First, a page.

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  • Frederick William

    lang=EN-US style='font-size:10.5pt;font-family:"Meridien-Medium","serif"; color:black'>(16201688)

    Great Elector of Brandenburg

    Frederick William, the only son of Elector

    George William and Elizabeth Charlotte of the

    Palatinate, was born on February 16, 1620. He

    succeeded as elector of Brandenburg in 1640.

    Raised as a Calvinist in the Reformed faith of the

    Hohenzollern court, he was religiously tolerant

    due to his experiences in the Netherlands at the

    University of Leiden. He inherited as widely

    scattered territories the duchies of PRUSSIA in the

    east and Cleve-Mark on the Dutch frontier. Having

    followed wise policies militarily and diplomatically,

    he acquired additional territories in

    the PEACE OFWESTPHALIA (1648). He added eastern

    Pomerania, which he received from Sweden,

    the bishoprics of Minden and Halberstadt,

    and the return of Magdeburg. Frederick continued

    to pursue an aggressive foreign policy, participating

    in the First Northern War between

    Sweden and Poland. By the Treaty of Oliva in

    1660 his duchy of Prussia won its freedom from

    Polish sovereignty. His ambition to annex the

    Swedish Pomeranian area around the valuable

    seaport of Stettin, which he captured in 1677,

    failed. It was returned to Sweden due to the

    Treaty of Nijmegen and the opposition of Louis

    XIV. These additional territories made the possessions

    of the HOHENZOLLERNS second in size

    only to those of the imperial Habsburg family.

    The Great Elector was the founder of both

    ABSOLUTISM and centralization in the Hohenzollern

    domains. During his reign the BERLIN government

    unified its administration and made the

    self-contained territories into the provinces of a

    greater state. The governments of the territories of

    BRANDENBURG, Prussia, Pomerania, Halberstadt,

    and Magdeburg lost their political and economic

    functions and were transformed into provincial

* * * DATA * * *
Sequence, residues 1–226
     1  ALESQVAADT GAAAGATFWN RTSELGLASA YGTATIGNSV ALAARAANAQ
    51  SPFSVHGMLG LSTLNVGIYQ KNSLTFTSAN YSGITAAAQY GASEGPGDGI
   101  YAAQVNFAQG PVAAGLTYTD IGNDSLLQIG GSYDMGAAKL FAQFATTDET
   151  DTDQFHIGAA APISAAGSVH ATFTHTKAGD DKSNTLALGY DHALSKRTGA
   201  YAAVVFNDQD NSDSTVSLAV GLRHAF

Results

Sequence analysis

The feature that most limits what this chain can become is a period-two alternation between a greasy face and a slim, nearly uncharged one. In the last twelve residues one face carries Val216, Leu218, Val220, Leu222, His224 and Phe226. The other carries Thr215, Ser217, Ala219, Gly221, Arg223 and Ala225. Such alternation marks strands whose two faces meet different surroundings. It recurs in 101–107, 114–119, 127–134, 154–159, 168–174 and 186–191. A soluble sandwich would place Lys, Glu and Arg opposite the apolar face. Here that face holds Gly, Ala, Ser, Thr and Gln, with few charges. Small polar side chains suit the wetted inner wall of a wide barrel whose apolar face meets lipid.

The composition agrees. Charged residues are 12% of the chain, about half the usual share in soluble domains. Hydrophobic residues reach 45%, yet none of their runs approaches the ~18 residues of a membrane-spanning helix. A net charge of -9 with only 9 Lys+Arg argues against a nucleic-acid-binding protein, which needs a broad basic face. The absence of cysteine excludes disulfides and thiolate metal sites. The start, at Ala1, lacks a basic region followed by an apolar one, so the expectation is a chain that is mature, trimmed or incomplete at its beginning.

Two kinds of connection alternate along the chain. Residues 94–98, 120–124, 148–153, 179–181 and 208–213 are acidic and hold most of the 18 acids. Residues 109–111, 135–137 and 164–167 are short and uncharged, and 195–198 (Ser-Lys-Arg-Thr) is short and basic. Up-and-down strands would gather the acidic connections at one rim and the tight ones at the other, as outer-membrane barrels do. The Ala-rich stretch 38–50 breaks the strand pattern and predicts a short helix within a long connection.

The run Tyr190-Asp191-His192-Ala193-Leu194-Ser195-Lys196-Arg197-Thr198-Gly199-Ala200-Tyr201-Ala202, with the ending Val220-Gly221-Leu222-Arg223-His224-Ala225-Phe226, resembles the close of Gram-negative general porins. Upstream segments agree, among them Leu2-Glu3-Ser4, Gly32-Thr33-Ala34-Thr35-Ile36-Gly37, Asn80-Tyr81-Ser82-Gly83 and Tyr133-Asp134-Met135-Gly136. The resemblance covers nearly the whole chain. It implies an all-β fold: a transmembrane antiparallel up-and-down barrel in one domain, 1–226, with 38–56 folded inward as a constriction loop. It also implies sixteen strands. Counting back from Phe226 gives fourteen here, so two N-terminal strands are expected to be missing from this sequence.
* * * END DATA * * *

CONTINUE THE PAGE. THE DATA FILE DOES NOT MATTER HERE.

courts of appeal. Frederick bargained with the

    diets for the right to collect taxes, appoint officials,

    quarter troops, and maintain appellate jurisdiction.

    He also took advantage of conflicts between

    the towns and the landed nobility to weaken his

    opposition. Each province sent agents to Berlin to

    attend the Privy Council, which was the central

    governing body over which the elector presided

    personally. But a new centralized administration

    superseded the administrative agencies of the

    estates and even the Privy Council. The elector

    was convinced that the estates, however, should

    provide enough money for the maintenance of a

    standing army. At the beginning of his reign the

    army was still largely a mercenary army, and only

    by the end of his reign was at least the officer corps

    composed of his subjects. To guarantee the support

    of the nobility (JUNKERS) to his reign and

    reforms, he granted them the exclusive right to

    own land, also having their seignorial jurisdiction

    over their estates reaffirmed. This even included

    the right to evict peasants and acquire their land.

    If that were not enough, the recess of 1653

    allowed the Junkers to assume that every peasant

    was a serf unless he could prove his freedom,

    which opened the door for the expansion of serfdom.

    On the other hand, the right to appoint state

    officials became the exclusive right of the elector.

    More important, the army came under Fredericks

    exclusive control, which he used at times to overwhelm

    his opposition.

    Frederick William 389

    The elector followed mercantilist doctrines in

    his internal economic policies. A number of

    changes in taxation were attempted. Frederick

    attempted to replace direct taxes with excise

    taxes levied on the towns and on the officially

    tax-exempt Junkers, who collected their new

    share of the taxes from their peasants. The

    Junkers opposed the excise taxes on consumption,

    and so they were levied only on the towns

    and on trade. Within 15 years the excise tax was

    transformed from a municipal into a state tax,

    which provided a surplus to the government.

    Also important economically was the IMMIGRATION

    of 20,000 French Calvinist Huguenots who

    were forced out of France by the revocation of

    the Edict of Nantes; they brought important new

    business and manufacturing skills and cultural

    refinement. Also significant were the lessons

    that the elector derived from his observations of

    the prosperity of the Dutch, which was connected

    with their navy. Frederick attempted to

    build a navy and chartered Dutch ships to privateer

    on the Baltic Sea during a war with Sweden.

    In order to break into the overseas trade to

    Africa, he chartered two ships in 1680 to establish

    a colony on the Gold Coast and set up an

    African Trading Company, which traded in

    slaves with the West Indies.

    A disciplined and hardworking ruler with a

    court that was simple and frugal, Frederick died

    in Potsdam on May 9, 1688.

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